By Anne Shulock,
Communications Specialist, San Francisco Art Institute
In art school, there is no single way to approach your education. Art is messy—not just in the splatter-painted-clothes sense, but in the way that artists must grapple with form, content, and concepts to arrive at meaning. At the San Francisco Art Institute, students embrace an interdisciplinary, experimental approach to contemporary art, taking many paths to and within the school. Here are some SFAI stories.
For many people, being a partner in a major law firm would be a fulfilling professional achievement. But after 13 years of practicing law, Melanie Piech had a different thought: that her career choice had been a mistake.
In her childhood, Melanie was surrounded by hands-on work: her father spent 10 years remodeling the family home, doing everything from woodworking and tiling to plumbing and electrical work. Despite a similar knack for building, Melanie became an attorney—but the urge to create didn’t go away. After taking time off work to raise a child, Melanie decided to pursue her true passion for sculpture, furniture, and art.
In choosing a school for this second act, she was drawn to the “funkiness” of the San Francisco Art Institute, as well as the emphasis on ideas. Says Melanie, “[Professors] really push you to go to the next level, a more conceptual level, and to figure out not just what you want to build, but what is it within you that you’re trying to express.”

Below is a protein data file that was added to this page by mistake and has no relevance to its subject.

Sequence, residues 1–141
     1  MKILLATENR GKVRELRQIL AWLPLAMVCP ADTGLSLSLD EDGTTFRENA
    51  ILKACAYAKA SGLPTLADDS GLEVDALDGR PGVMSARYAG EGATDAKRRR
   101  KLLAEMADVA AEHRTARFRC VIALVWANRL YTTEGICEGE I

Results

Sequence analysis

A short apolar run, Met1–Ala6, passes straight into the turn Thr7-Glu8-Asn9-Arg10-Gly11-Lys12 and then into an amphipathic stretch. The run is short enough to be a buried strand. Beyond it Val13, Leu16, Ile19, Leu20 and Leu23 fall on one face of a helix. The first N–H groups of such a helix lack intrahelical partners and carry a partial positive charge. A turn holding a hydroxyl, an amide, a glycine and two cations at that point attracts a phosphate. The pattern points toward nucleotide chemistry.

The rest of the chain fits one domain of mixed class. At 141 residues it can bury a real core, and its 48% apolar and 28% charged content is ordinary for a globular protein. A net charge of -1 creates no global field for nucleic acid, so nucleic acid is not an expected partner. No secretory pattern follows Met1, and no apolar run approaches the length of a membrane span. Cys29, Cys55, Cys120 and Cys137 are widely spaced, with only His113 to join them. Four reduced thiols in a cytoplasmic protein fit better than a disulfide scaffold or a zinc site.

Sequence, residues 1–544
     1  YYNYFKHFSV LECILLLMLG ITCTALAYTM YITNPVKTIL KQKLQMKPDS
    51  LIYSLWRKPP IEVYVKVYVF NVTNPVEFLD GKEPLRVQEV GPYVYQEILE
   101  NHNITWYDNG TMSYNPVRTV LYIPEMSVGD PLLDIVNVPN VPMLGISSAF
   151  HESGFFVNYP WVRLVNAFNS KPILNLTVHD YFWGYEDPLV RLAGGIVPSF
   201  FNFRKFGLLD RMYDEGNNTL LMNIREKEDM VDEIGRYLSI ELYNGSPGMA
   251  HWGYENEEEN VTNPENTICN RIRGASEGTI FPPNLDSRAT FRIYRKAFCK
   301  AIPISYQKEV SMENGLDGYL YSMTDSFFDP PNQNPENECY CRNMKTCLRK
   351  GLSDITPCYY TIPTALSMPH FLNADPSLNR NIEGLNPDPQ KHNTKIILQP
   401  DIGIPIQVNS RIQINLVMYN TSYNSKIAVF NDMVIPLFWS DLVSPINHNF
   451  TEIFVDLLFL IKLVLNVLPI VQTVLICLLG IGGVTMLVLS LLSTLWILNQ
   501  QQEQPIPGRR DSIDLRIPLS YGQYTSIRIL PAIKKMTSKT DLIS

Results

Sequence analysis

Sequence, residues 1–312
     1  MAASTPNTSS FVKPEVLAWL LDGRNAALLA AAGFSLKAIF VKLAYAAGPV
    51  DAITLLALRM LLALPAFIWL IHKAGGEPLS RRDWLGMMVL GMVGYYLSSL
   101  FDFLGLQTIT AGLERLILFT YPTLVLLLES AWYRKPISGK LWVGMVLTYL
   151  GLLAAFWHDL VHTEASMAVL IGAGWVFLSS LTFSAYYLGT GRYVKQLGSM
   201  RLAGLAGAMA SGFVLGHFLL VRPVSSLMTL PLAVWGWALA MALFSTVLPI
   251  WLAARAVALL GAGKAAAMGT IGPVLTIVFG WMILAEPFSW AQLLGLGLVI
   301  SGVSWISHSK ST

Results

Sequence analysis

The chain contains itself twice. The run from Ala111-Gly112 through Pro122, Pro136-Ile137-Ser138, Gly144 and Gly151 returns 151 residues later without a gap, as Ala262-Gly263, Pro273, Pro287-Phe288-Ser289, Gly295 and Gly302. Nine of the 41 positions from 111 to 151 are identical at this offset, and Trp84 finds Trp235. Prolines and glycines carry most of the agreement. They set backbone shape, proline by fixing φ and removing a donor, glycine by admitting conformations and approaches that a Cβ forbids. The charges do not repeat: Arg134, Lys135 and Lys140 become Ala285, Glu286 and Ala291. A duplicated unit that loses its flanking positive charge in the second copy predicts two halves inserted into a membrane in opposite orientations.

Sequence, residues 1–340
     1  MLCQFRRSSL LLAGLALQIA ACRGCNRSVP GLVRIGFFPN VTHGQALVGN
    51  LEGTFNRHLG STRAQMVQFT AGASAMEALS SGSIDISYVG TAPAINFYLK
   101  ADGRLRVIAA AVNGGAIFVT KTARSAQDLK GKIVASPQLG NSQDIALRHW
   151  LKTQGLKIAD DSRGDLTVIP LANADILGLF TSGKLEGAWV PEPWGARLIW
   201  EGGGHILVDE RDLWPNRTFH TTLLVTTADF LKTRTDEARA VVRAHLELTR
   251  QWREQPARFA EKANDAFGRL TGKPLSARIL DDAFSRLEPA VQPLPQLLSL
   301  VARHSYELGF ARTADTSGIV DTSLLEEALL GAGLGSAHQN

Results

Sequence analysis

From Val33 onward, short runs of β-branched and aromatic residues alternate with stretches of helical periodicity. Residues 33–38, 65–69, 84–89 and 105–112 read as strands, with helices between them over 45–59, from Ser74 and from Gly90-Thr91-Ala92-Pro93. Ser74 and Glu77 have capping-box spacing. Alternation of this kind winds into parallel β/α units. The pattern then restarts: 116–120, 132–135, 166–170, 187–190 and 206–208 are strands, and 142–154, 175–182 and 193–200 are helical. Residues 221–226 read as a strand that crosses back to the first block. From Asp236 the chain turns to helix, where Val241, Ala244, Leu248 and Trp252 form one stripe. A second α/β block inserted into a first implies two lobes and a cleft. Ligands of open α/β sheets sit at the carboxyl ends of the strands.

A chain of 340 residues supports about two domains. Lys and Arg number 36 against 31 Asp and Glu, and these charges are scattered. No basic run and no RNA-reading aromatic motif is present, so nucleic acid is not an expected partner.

At SFAI, Melanie has made ambitious sculptures such as an oversized redwood chair that resembles an exoskeleton, and a chair with welded 7-foot wheels that turn independently, allowing the sitter to maneuver and perform. She has also studied computer-aided design, using Vectorworks to model a fountain that a local housing complex has asked her to build for its courtyard.
Art school has proven to be a far cry from her structured former profession. “Here, it’s pretty wide open and you have to forge your own path,” says Melanie. “My experiences at SFAI have given me ammunition to figure out where I’m going.” And along the way she’s achieved not just artistic but personal growth. “When I was a lawyer, I always felt like I was pretending to be somebody else. Now I just feel a lot more comfortable in my skin.”
BFA Design and Technology
“Before coming to SFAI, I had a narrow view of what I understood art to be,” says Djavan Santos, who, like many kids, grew up drawing and painting. But in his first semester, he took the course Intro to Digital Sound. “That really opened my eyes to what art couldbe and the broad spectrum of what other artists in the world were doing,” he says. “I felt really drawn to experiment with new technologies and the intersection of art and technology.”